17. Since Herron was presumably available to both sides, plaintiff cannot argue that Herron would have been a favorable witness, especially in the face of contrary documentary evidence relating to his displeasure with FCE. While it may well have been a "tough decision" for Herron, whom Beckman describes as "a gracious man and a very honorable person" (Beckman Test. at 45:24-46:8), there is no reason to presume it was a close call. Rather, as this Court has found, Melwood's decision to change plans was instigated by Fellers, and it was motivated by her preference for an HMO plan and her dissatisfaction with FCE.

III. Remedies

18. Because plaintiff has suffered no loss as a result of the breach, it is entitled to only nominal damages. Patel v. Howard Univ., 896 F. Supp. 199, 205 (D.D.C. 1995) (citing Garcia v. Llerena, 599 A.2d 1138, 1142 (D.C. 1991) (where plaintiff proves a breach of a contractual duty but the proof of damages is vague or speculative, he is entitled only to nominal damages); Cahn v. Antioch Univ., 482 A.2d 120, 130 (D.C. 1984) (same); Restatement (Second) of Contracts § 346(2)). The Court will award plaintiff one dollar, which is the appropriate amount for nominal damages. Patel, 896 F. Supp. at 205; Wisconsin Ave. Assocs., Inc. v. 2720 Wisconsin Ave. Co-op. Ass'n, Inc., 441 A.2d 956, 961 (D.C. 1982).

19. Plaintiff is not, however, entitled to an injunction. A permanent injunction should be issued where plaintiff demonstrates: 1) a strong likelihood of success on the merits; 2) that without injunctive relief they will suffer irreparable harm; 3) that, balancing the hardships, the issuance of an injunction will not substantially harm other interested parties; and 4) that the public interest favors the injunction. Al-Fayed v. CIA, 254 F.3d 300, 303 (D.C. Cir. 2001); see National Ass'n of Psychiatric Health Systems v. Shalala, 120 F. Supp.2d 33, 44 (D.D.C. 2000) (applying standard for preliminary injunction to request for permanent injunction); National Mining Ass'n v. Army Corps of Engineers, 145 F.3d 1399, 1409-10 (D.C. Cir. 1998) (same). Plaintiff argues, without citation, that "[i]mmunizing a future breach would be irreparable injury." (Pl. Reply at 22.) This argument is unpersuasive. The Court has ruled that PSA breached the contract in 1998, but that this breach caused no damages. Although the parties have continued to do business to the present, plaintiff has offered no evidence that a future breach of the contract by defendant is imminent or even likely. Also, PSA has been reminded of the contract and made fully aware of its terms and its meaning, so future problems should be avoided. There is thus no irreparable injury to plaintiff in the absence of injunctive relief.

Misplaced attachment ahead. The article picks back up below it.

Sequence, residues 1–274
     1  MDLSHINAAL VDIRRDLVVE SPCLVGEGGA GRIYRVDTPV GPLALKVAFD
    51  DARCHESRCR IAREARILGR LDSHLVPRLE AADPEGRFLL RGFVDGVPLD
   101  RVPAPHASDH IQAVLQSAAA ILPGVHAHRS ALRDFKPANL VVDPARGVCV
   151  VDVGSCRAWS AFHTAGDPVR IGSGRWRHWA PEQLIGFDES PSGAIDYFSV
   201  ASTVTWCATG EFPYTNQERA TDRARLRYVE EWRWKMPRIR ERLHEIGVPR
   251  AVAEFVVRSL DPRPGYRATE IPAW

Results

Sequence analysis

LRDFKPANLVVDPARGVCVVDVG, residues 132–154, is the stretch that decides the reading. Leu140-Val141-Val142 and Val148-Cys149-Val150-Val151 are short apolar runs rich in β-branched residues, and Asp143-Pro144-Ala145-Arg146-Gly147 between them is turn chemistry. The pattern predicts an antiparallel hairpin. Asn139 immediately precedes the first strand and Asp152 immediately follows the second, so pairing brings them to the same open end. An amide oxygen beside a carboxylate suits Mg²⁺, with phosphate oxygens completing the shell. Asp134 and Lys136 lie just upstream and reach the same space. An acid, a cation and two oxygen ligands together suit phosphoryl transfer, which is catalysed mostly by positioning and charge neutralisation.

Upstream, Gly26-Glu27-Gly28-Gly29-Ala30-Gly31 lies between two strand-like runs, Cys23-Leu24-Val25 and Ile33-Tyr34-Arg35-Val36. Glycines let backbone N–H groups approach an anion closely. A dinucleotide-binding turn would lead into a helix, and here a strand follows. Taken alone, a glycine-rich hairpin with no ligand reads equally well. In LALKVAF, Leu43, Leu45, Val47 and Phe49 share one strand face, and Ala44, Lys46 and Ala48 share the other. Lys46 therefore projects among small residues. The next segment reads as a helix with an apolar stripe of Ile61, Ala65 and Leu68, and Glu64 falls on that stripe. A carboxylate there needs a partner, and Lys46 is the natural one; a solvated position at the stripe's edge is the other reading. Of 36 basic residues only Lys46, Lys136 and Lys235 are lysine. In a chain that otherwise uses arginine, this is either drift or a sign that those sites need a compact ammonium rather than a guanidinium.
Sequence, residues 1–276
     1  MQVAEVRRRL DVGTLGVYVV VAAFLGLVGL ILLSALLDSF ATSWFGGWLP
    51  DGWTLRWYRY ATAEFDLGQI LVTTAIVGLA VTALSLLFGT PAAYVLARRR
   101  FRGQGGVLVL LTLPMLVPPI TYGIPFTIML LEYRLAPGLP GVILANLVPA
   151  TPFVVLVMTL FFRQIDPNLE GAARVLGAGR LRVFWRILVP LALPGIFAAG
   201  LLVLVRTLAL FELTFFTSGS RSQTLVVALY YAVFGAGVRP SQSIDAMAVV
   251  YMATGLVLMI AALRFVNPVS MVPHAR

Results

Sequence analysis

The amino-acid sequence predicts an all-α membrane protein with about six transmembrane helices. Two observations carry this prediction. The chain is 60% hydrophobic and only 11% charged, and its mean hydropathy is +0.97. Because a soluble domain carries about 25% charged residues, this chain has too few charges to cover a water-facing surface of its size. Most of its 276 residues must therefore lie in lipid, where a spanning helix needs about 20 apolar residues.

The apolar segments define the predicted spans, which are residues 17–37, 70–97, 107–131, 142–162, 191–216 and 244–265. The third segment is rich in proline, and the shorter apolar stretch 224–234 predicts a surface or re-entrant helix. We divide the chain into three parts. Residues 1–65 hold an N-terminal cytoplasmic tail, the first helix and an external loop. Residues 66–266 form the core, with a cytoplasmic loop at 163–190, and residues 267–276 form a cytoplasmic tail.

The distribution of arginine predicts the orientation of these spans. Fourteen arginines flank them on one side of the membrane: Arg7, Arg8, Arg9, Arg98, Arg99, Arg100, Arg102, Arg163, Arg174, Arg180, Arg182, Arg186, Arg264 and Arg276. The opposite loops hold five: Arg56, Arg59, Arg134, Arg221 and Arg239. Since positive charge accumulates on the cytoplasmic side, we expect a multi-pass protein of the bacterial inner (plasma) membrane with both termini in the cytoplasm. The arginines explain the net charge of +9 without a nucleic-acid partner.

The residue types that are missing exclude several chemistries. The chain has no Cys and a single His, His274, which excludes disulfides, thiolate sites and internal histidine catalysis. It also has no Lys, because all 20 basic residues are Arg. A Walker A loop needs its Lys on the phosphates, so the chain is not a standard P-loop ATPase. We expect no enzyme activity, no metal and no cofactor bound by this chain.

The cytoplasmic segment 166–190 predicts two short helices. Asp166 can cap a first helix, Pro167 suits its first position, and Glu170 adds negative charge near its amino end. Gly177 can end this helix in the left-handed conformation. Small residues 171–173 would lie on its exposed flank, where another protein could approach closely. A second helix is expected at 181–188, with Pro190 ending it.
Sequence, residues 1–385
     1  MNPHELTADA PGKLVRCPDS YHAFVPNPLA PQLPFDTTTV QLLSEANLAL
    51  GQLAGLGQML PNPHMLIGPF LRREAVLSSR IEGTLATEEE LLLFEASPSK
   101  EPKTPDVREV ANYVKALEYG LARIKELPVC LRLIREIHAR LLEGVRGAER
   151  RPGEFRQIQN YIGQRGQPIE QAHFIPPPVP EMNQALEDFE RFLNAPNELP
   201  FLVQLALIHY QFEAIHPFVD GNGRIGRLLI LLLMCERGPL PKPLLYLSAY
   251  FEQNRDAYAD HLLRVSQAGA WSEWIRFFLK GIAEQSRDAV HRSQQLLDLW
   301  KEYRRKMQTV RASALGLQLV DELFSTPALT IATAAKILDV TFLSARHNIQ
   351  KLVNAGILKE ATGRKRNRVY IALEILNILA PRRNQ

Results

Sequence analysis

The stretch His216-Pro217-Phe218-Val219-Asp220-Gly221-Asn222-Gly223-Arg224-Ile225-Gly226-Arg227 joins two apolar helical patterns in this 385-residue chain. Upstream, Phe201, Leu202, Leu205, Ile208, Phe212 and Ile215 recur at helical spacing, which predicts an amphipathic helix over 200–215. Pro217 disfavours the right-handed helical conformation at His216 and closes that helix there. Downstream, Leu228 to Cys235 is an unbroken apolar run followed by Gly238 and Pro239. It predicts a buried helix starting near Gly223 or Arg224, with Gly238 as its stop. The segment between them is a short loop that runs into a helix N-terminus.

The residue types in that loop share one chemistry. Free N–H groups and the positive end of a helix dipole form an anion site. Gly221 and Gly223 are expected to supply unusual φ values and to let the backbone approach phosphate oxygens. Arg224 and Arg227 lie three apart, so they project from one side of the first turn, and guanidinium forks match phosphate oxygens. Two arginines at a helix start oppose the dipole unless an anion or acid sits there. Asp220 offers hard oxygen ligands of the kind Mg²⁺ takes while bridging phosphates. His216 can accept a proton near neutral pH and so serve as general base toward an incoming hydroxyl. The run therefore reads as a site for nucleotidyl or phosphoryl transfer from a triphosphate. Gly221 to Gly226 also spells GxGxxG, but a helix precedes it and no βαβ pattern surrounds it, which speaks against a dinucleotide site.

20. Alternatively, FCE argues that it is entitled to permanent injunctive relief because that remedy does not require proof of irreparable injury. (Pl. Findings of Fact at 25 (citing Ifill v. District of Columbia, 665 A.2d 185, 187-88) (D.C. 1995).) In Ifill, the court noted that a "permanent injunction requires the trial court to find that there is no adequate remedy at law, the balance of equities favors the moving party, and success on the merits has been demonstrated." Id. at 188 (internal quotations omitted). Even under this standard, however, plaintiff's request for a permanent injunction is denied. The adequate remedy for the breach of contract at issue is nominal damages, and the use of a permanent injunction as a remedy for an action about a prior breach makes no sense. See Walsh v. Ford Motor Co., 130 F.R.D. 260, 266 (D.D.C. 1990); Clemons v. Board of Educ., 228 F.2d 853, 857 (6th Cir. 1956) (reaffirming the traditional principle that "[e]quity will not interfere to restrain the breach of a contract . . . when the legal remedy of compensatory damages would be complete and adequate"); Restatement (Second) of Contracts § 359(1) ("[A]n injunction will not be ordered if damages would be adequate to protect the expectation interest of the injured party.")

Similarly, plaintiff has offered no reason why the Court should grant its request for a declaratory judgment, which is an unnecessary remedy for a breach of contract. See Pakideh v. Ahadi, 99 F. Supp.2d 805, 808-09 (E.D.Mich. 2000) (declaratory judgment request duplicative of simple breach of contract action for damages); The Pantry, Inc. v. Stop-N-Go Foods, Inc., 777 F. Supp. 713, 717-18 (S.D.Ind. 1991) (holding that "declaratory judgment claim [was] inappropriately raised because the plaintiff may be fully compensated if it prevails on the breach of contract claim"); Newton v. State Farm Fire and Casualty Co., 138 F.R.D. 76, 79 (E.D.Va. 1991) (no declaratory judgment available for breach of contract, because equitable remedy "serves no useful purpose and will not clarify the legal rights or obligations in question"). That request will therefore also be denied.

IV. Attorneys' Fees and Costs

21. Plaintiff contends that it is entitled to attorneys' fees and costs under ¶ 14 of the Agreement, which provides, "[i]f any action at law or equity is necessary to enforce or interpret the terms of this Agreement, the prevailing party shall be entitled to reasonable attorneys' fees, costs, and necessary disbursements in addition to any other relief to which he or she may be entitled." (Pl.Ex. 1, ¶ 114.)

22. Under District of Columbia law, "[i]t is generally understood that the degree of success in litigation is a relevant factor in the award of attorney's fees. Statutes awarding attorney's fees normally limit such a right to the `successful' or `prevailing' party. The same general concept seems to be applied ordinarily in the interpretation of contractual provisions for attorney's fees." Fleming v. Carroll Publishing Co., 581 A.2d 1219, 1228 (D.C. 1990).